WHAT’S BEING CLAIMED:
- Ali Meyer, a news reporter for KFOR-TV received her mammogram last year while being streamed live on Facebook.
- Assuming it was just a short painful procedure that would serve as a reminder for women to schedule their mammograms, results revealed that Meyer had breast cancer.
- Meyer, then 40, decided to share her breast cancer journey to help other women.
An Oklahoma-based TV journalist publicly shares her experience with breast cancer after receiving her diagnosis last year on-air.
As part of an endeavor for Breast Cancer Awareness Month last October, news anchor for KFOR-TV, Ali Meyer, live-streamed her first-ever mammogram on Facebook Live, thinking it was just a short procedure and that doctors won’t find anything.
“I had no concerns; no lumps; no family history; no reason at all to think that my baseline mammogram would turn my world upside down,” wrote Meyer in a recent story published last week, recounting the day she was diagnosed.
However, the then 40-year-old mother of four was shocked beyond belief when doctors told her that she had cancer in her right breast.
“I will never forget that day. I will never forget telling my husband and my girls after they got off the bus that afternoon,” wrote Meyer.
Following the live-stream diagnosis, Meyer continued to broadcast her journey on battling cancer by giving updates via Instagram and filming everything including intimate details from her mastectomy to undergoing reconstructive surgery.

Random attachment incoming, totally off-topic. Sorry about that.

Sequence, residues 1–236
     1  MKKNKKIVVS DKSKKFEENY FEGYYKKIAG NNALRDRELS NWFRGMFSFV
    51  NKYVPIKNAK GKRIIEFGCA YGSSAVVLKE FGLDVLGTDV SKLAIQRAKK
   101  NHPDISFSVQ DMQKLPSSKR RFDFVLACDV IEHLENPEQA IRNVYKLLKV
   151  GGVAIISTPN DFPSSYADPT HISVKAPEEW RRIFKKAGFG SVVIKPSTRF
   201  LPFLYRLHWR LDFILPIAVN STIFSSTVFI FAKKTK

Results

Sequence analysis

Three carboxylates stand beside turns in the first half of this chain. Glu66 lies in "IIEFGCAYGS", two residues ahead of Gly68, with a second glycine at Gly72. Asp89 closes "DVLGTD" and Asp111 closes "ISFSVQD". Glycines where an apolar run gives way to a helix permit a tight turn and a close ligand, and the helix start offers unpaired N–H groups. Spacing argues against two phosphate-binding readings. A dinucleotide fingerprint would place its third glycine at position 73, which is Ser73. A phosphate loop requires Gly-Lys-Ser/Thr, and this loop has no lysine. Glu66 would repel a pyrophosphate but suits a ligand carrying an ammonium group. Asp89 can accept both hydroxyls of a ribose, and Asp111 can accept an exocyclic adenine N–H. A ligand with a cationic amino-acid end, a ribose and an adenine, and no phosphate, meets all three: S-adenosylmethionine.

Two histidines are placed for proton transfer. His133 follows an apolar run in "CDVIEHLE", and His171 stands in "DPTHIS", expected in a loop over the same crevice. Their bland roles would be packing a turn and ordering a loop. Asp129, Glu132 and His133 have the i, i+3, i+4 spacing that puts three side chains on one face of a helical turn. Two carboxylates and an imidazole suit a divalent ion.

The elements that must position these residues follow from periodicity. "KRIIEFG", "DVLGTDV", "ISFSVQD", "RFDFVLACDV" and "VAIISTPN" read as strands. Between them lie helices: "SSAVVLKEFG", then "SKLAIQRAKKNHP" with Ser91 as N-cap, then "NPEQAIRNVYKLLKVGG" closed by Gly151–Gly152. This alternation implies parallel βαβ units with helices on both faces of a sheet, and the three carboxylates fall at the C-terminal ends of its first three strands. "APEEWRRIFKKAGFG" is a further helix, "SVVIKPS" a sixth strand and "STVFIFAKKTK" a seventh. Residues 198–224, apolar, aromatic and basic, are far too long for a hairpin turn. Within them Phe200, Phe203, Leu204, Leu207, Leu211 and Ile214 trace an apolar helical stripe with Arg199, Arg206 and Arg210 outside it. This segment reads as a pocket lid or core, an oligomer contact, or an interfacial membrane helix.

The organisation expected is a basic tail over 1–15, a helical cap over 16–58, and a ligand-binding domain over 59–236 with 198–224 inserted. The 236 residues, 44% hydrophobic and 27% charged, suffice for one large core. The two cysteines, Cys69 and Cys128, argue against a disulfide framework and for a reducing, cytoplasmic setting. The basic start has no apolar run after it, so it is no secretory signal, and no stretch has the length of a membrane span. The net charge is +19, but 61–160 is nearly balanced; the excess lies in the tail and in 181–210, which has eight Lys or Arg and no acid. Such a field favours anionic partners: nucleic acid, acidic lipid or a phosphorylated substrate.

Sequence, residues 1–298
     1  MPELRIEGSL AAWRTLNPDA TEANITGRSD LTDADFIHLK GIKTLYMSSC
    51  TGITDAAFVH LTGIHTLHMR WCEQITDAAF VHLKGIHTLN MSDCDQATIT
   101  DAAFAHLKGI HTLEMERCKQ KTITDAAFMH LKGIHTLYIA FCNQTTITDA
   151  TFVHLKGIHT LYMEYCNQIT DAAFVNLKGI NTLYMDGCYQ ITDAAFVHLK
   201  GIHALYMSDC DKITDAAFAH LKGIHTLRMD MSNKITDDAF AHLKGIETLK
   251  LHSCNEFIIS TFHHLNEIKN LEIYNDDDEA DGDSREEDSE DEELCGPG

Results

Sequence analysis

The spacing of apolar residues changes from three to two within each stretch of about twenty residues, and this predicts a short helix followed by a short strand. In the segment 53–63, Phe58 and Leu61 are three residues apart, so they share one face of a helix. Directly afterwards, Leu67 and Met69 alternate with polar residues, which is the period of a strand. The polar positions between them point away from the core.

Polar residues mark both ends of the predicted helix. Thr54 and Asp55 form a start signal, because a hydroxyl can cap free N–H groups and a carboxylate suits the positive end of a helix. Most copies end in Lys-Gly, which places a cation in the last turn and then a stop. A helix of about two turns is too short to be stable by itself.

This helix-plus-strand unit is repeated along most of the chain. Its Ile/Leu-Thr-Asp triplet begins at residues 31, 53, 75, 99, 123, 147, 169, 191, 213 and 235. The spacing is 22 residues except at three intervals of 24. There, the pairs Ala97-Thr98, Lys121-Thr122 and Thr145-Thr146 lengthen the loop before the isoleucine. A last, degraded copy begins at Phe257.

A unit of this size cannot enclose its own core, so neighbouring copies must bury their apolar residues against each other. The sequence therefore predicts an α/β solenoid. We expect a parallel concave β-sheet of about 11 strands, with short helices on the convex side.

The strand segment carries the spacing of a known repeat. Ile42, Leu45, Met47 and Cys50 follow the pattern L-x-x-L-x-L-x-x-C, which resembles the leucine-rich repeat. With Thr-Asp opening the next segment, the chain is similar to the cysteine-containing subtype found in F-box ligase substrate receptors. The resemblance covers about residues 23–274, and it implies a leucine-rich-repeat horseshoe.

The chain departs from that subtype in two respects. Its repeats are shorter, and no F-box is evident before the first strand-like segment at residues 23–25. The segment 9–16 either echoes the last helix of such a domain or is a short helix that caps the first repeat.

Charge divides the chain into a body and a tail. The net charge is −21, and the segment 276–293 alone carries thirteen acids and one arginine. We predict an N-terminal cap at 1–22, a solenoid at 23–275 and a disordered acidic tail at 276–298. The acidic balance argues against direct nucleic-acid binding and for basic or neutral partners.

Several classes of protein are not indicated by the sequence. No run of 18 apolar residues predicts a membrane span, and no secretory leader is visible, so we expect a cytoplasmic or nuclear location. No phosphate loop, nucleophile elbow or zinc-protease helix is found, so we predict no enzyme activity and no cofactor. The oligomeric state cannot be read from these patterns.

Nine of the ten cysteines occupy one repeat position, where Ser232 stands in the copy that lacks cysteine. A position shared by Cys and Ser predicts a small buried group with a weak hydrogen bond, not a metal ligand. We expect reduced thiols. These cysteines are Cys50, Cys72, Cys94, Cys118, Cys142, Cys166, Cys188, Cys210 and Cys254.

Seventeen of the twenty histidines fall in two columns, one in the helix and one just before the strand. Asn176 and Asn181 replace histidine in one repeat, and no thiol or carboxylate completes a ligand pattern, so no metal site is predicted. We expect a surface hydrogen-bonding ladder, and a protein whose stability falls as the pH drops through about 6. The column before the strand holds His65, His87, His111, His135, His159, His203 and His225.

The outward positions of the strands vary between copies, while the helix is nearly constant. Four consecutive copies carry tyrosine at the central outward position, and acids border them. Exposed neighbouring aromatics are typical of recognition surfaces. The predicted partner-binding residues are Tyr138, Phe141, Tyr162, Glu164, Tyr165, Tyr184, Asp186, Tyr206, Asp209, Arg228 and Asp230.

Although surgeons kept her natural nipple and areola intact, doctors advised having her breast tissue replaced. Meyer then allowed the camera crew to film the procedure and even shared her emotions throughout the experience.
Meyer said that while surgery was her first choice of treatment, still, she felt like being mutilated. “It felt like cancer was stealing part of my body away from me,” she said of the operation.
Last month, Meyer received her second mammogram. One year after her diagnosis, she was declared cancer-free. News 4 aired a segment about her road to recovery on Tuesday. She said in the segment that she wants to use her story to tell women to take care of their bodies and get a mammogram.
“I will never stop having mammograms,” says Meyer in the segment adding that “my surgical options, recovery and outcome were all better because my mammogram found the cancer before I even knew it was there.”